Advisors often look to free cash flows when valuing a company, or assessing the suitability of a company’s payout ratio. Unfortunately, most people don’t pay attention to how the definition of free cash flow (FCF) varies among companies.
Last month’s column (“Accounting choices impact reported cash flows,” AER February) touched on how management’s accounting choices can materially impact cash flow reporting within audited financial statements. When dealing with FCF, this already-lenient reporting environment is even more unregulated.
FCF exists outside the realm of audited statements, meaning that auditors don’t have to look at the figures reported by management. Further, Canadian securities regulators haven’t provided a standard definition of FCF for financial analysis and valuation. That means nothing stands in the way of what management reports to investors in terms of purported FCF.
The standard calculation of FCF taught in school is: take cash flow produced from operations, and deduct cash spent on capital expenditures and other long-term investments. Depending on when a company is investing in different projects, cash spent on capex can be irregular or lumpy.
Complications occur when cash flows are normalized for investment purposes. For instance, a company’s payout ratio is important to analyze annually because it demonstrates what portion of cash flows are being paid to investors as dividends. A company with a payout ratio of close to 100% will have no room for performing additional investment or unforeseen maintenance, and cannot absorb a hit to revenue or cash flows without eventually impacting dividends.
With so much attention focused on payout ratios, investors cannot forget the divisor in the equation (FCF) is open to interpretation. Some companies will find ways to maximize FCF in order to reduce their payout ratios, making it appear they have greater cash flow coverage for dividends.
For example, BCE Inc. excludes what it calls “voluntary” pension contributions when it calculates its version of FCF. Over the past five years, BCE has made $2.75 billion in voluntary payments, reducing the size of its normal payments for pension costs. But only normal payments are deducted in the company’s FCF calculation.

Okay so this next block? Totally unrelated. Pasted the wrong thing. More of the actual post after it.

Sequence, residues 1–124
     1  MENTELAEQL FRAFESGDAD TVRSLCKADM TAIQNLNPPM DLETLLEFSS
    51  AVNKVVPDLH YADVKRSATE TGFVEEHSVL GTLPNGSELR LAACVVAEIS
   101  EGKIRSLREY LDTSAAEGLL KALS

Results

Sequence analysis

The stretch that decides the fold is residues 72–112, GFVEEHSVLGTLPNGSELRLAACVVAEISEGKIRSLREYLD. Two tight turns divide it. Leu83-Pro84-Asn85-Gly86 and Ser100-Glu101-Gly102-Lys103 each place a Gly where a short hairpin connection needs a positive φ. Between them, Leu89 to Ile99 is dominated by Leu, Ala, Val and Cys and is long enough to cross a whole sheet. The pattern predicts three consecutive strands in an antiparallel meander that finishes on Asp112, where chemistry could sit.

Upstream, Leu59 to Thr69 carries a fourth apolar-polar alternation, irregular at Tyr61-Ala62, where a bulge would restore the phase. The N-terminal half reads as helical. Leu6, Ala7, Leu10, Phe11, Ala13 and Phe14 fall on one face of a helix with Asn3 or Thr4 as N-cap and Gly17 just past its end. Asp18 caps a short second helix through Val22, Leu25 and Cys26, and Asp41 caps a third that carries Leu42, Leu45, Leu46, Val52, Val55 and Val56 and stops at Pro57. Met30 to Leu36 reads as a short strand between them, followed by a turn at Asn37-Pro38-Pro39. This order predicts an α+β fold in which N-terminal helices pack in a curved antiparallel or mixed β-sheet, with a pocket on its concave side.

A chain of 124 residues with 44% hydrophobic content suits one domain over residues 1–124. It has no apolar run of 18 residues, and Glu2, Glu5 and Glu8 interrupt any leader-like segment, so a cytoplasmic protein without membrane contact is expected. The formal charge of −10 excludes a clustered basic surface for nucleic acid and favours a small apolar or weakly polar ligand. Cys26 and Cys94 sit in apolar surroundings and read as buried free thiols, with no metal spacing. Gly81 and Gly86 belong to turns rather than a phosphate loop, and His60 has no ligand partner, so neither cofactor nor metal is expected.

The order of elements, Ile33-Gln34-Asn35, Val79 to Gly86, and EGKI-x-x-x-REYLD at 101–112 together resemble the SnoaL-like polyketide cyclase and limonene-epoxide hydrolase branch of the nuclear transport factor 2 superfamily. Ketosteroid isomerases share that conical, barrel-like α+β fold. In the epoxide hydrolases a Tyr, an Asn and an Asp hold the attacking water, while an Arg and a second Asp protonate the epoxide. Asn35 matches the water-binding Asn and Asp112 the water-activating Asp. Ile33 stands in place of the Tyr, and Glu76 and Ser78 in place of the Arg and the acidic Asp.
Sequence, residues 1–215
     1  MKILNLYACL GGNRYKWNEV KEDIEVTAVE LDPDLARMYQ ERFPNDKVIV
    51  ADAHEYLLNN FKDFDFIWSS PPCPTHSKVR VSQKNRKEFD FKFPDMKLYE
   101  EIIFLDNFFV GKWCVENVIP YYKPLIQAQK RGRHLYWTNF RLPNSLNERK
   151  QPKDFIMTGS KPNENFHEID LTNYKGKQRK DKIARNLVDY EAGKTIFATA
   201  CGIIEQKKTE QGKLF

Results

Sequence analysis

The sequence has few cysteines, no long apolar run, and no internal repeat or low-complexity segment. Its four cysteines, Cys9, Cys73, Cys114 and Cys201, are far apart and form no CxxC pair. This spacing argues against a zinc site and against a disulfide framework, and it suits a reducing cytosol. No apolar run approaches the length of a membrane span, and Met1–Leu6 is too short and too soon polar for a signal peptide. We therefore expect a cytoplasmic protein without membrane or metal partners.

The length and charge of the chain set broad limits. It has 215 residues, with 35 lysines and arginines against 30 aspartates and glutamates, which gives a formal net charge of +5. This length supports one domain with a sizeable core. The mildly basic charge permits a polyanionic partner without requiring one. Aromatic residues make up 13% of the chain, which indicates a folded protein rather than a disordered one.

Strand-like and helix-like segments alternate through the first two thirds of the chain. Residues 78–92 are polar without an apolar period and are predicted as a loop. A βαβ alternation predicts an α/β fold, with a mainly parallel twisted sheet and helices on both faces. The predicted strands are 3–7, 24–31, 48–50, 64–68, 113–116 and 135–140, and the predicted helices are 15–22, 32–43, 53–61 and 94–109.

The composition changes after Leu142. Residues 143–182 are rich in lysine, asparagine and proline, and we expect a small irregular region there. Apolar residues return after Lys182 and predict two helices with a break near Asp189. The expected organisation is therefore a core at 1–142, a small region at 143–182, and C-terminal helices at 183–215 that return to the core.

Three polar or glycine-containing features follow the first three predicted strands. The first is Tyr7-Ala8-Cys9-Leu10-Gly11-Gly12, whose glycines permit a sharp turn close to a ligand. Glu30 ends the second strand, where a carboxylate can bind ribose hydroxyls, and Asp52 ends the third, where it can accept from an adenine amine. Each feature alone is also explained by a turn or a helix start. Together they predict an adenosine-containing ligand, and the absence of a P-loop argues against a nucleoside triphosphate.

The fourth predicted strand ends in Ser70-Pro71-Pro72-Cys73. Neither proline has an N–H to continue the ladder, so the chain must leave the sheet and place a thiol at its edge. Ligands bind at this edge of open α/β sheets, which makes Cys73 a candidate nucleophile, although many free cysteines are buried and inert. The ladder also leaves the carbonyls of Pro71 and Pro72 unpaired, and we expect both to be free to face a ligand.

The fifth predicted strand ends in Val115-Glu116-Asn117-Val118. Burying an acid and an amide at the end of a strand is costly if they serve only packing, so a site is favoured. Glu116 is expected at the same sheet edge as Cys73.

BCE aims to pay out 65% to 75% of its FCF as dividends. By ignoring its voluntary cash payments into its pension plan, the company has reported higher FCF, which has helped to justify increasing its dividend nine times over the past five years. BCE hiked its dividend in February to “maintain its dividend payout ratio at the midpoint of its target policy range.” Had the company included a normalized amount for its voluntary pension contributions in its FCF calculation, it would not have had the same room to raise its dividend.
The biggest problem occurs when advisors compare BCE’s reported payout ratio to peers in an attempt to assess which companies have more FCF to spend on growth or further dividend increases. Peers that include all spending in their FCF calculations seem worse off than BCE.
BCE chose to separate its cash pension costs between normal and voluntary payments, with the categorization making all the difference in terms of calculating FCF. Similar choices are made when companies decide to split cash spent on capital expenditures between maintenance and
Shaw Communications is currently in the process of excluding $500 million in spending on certain accelerated capital expenditures from its calculation of FCF. The amount excluded will increase the company’s reported FCF by the same amount over fiscal 2013, 2014 and 2015. Shaw has said the funds will come from selling other assets, and not from operations. But if the company doesn’t provide a reconciliation, the current funded status of the accelerated capital program is open to interpretation. It’s difficult to determine which projects, acquisitions or divestitures are considered accelerated.
Shaw plans to exclude $240 million in spending from its definition of FCF in fiscal 2014. Similar to BCE, Shaw also excluded a $300-million contribution in fiscal 2013 to an executive pension plan, which would normally be classified as an employment expense when calculating FCF but wasn’t because of its lump-sum nature.
Northland Power is another example of why advisors should be wary of FCF labels. Its definition separates spending on capex between maintenance and growth initiatives, and excludes the latter. Since 2009, Northland has spent $1.4 billion on capex, but has deducted just $11.7 million from its FCF calculation—that’s only $2.5 million per year to maintain its diverse plants
Northland is currently in the midst of a major transition. The company owns or manages a number of power-generating facilities with attractive power purchase agreements in place for now. However, a significant proportion of those attractive agreements will expire over the next three to seven years, and the company plans to replace the expected loss of revenue with new projects. Therefore, the real question is: what portion of capex spending on “growth” initiatives is actually needed to maintain existing cash-flow levels?
In the end, advisors have to assess the reasonableness of management’s FCF claims. Northland’s tally, for instance, ignores more than 99% of its capex spending. Even deducting a quarter of that spending results in Northland’s payout ratios ballooning to more than 300%. This underscores the challenge investors face when dealing with non-standardized and wide-open reporting metrics, like free cash flow.